Reformed Churchmen

We are Confessional Calvinists and a Prayer Book Church-people. In 2012, we remembered the 350th anniversary of the 1662 Book of Common Prayer; also, we remembered the 450th anniversary of John Jewel's sober, scholarly, and Reformed "An Apology of the Church of England." In 2013, we remembered the publication of the "Heidelberg Catechism" and the influence of Reformed theologians in England, including Heinrich Bullinger's Decades. For 2014: Tyndale's NT translation. For 2015, John Roger, Rowland Taylor and Bishop John Hooper's martyrdom, burned at the stakes. Books of the month. December 2014: Alan Jacob's "Book of Common Prayer" at: January 2015: A.F. Pollard's "Thomas Cranmer and the English Reformation: 1489-1556" at: February 2015: Jaspar Ridley's "Thomas Cranmer" at:

Sunday, August 3, 2014

3 August 1231 A.D. Robert le Grant Died—45th of 105 Archbishops of Canterbury

3 August 1231 A.D. Robert le Grant Died—45th of 105 Archbishops of Canterbury

Richard le Grant (also known as Richard Grant or Richard Wethershed) was Archbishop of Canterbury from 1229 to 1231.


Grant was a native of Nazeing, Essex and had a brother and sister whom he provided for after he became archbishop.[1] He was chancellor of the see of Lincoln when Henry III nominated him to be Archbishop of Canterbury in opposition to Walter d'Eynsham in 1229.[2] He had been chancellor of Lincoln since at least 16 December 1220, when he first occurs in documents in that office.[3] He was also a distinguished writer.[4] and teacher.[1]

Grant was provided to the see of Canterbury on 19 January 1229 by Pope Gregory IX,[2] and received the temporalities of the see probably on 24 March 1231. He was consecrated on 10 June 1229.[5] He was recommended for the see by Alexander de Stavenby, the Bishop of Coventry, and Henry Sandford, the Bishop of Rochester, who wrote to the pope on Richard's behalf.[1] On 26 January 1231, at a council at Westminster Grant, along with other bishops, objected to Henry III's earlier demand of a second scutage payment.[2] Grant found himself in conflict with Hubert de Burgh, the Justiciar, over the wardship of the de Clare estates at Towbridge, which conflict the archbishop lost after King Henry III of England sided with his justiciar.[1]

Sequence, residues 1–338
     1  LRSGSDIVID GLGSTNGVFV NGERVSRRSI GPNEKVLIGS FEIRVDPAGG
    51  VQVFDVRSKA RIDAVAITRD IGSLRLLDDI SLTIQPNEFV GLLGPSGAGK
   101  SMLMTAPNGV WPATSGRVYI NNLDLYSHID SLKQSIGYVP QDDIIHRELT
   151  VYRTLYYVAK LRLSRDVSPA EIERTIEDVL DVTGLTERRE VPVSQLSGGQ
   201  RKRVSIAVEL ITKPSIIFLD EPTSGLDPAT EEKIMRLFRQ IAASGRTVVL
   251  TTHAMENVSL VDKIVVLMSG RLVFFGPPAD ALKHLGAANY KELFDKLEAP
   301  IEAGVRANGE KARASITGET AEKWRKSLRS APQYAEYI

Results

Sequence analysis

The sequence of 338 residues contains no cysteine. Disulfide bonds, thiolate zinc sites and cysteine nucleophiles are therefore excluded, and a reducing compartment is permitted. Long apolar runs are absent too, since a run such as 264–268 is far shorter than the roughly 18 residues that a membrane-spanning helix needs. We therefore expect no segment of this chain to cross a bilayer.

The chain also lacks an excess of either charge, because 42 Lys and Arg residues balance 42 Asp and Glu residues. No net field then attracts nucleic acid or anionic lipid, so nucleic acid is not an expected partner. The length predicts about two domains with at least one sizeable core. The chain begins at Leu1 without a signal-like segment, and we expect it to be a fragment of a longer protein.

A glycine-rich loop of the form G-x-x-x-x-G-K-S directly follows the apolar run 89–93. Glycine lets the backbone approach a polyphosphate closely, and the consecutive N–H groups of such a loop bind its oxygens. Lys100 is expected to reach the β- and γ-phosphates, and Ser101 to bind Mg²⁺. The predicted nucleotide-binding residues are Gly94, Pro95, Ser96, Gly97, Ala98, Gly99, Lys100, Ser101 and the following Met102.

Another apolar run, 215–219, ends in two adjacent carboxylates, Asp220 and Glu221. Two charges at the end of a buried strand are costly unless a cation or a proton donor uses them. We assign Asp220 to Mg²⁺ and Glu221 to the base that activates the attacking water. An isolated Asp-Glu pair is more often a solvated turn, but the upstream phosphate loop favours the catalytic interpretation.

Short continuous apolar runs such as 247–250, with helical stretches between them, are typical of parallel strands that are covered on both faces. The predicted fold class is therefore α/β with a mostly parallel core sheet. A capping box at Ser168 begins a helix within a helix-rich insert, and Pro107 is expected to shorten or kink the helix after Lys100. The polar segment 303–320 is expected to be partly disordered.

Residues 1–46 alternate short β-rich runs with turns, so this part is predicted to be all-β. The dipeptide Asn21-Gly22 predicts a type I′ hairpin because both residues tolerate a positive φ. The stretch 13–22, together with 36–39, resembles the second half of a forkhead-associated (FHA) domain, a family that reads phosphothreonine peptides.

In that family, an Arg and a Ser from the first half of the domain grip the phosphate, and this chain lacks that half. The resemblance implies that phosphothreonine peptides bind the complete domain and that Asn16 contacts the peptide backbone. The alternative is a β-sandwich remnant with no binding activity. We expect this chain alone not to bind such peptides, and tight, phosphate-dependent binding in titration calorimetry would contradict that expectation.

Grant then attempted to implement reforms in the clergy over the issue of pluralism and the employment of the clergy in the royal government. In pursuit of this aim, he journeyed to Rome to enlist the papacy's aid, but after a favourable reception at the Curia, he died on his return journey to England on 3 August 1231[1][5] in Italy.[6] He was buried in San Gemini in Umbria.[1]


1.       ^ Jump up to: a b c d e f Lawrence "Grant, Richard (d. 1231)" Oxford Dictionary of National Biography

2.       ^ Jump up to: a b c Powell and Wallis House of Lords pp. 150–151

3.       Jump up ^ British History Online Chancellors of Lincoln accessed on 11 September 2007

4.       Jump up ^ Moorman Church Life in England in the Thirteenth Century p. 162

5.       ^ Jump up to: a b Fryde, et al. Handbook of British Chronology 3rd ed. p. 233

6.       Jump up ^ Powell and Wallis House of Lords p. 157


Preceded by
Walter d'Eynsham
Succeeded by
Ralph Neville

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